Carbon Steel

 

Carbon Steel

Although stainless steel is the most common material for kitchen knives, carbon steel is often the preferred choice of culinary professionals. That’s because a carbon steel blade, when properly cared for, holds a sharp edge better than stainless steel. The flip side is that “proper care” of carbon steel involves a bit more day-to-day maintenance.
Whether you’re an experienced chef or just learning your way around the kitchen, all cooks know good knives are essential for success in the kitchen. And while knife choice is an extremely personal decision, a carbon steel knife is a great choice.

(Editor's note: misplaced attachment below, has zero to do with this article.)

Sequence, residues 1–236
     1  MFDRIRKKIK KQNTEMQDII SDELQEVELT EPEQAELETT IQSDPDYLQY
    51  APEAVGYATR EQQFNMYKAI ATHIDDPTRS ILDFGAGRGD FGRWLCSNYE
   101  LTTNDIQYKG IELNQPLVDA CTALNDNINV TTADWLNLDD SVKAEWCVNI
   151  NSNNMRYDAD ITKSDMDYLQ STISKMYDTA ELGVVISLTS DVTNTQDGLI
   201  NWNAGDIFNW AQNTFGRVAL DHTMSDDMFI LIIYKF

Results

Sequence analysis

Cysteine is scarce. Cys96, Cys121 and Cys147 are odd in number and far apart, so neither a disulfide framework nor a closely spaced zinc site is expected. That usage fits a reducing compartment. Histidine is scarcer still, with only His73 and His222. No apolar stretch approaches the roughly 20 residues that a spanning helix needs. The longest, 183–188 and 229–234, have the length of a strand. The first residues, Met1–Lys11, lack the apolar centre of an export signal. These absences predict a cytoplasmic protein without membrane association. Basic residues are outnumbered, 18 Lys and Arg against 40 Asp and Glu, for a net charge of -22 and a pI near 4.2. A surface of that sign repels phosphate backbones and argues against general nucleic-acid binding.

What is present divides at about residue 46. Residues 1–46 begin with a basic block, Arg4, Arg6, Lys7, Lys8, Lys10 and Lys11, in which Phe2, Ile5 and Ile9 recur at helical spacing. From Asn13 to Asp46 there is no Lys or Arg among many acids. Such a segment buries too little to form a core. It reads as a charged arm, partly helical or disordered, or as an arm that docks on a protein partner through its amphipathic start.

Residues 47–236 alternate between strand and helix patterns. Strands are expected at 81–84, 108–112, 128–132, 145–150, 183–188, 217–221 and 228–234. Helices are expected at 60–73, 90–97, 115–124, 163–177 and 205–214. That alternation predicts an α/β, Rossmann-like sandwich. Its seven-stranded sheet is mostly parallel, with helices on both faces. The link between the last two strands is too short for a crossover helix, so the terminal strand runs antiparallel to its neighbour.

Maintenance 

  1. Hone your knife: The easiest way to keep your knife centered is to hone it before each use.
  2. Wipe your knife: Use a clean dishcloth to wipe down your knife while you’re cooking — especially after cutting acidic foods.
  3. Wash your knife: Use a soft cloth to wash your knife in a sink of warm, soapy water. Never put your knife in a sink full of dishes or the dishwasher.
  4. Hand-dry your knife: This should be done immediately after washing with a clean dishtowel.
  5. Rub with mineral oil. If you notice any rust spots, rub a light layer of mineral oil and let dry.
  6. Store knife: A plastic sheath, magnetic knife strip, or drawer insert are all appropriate.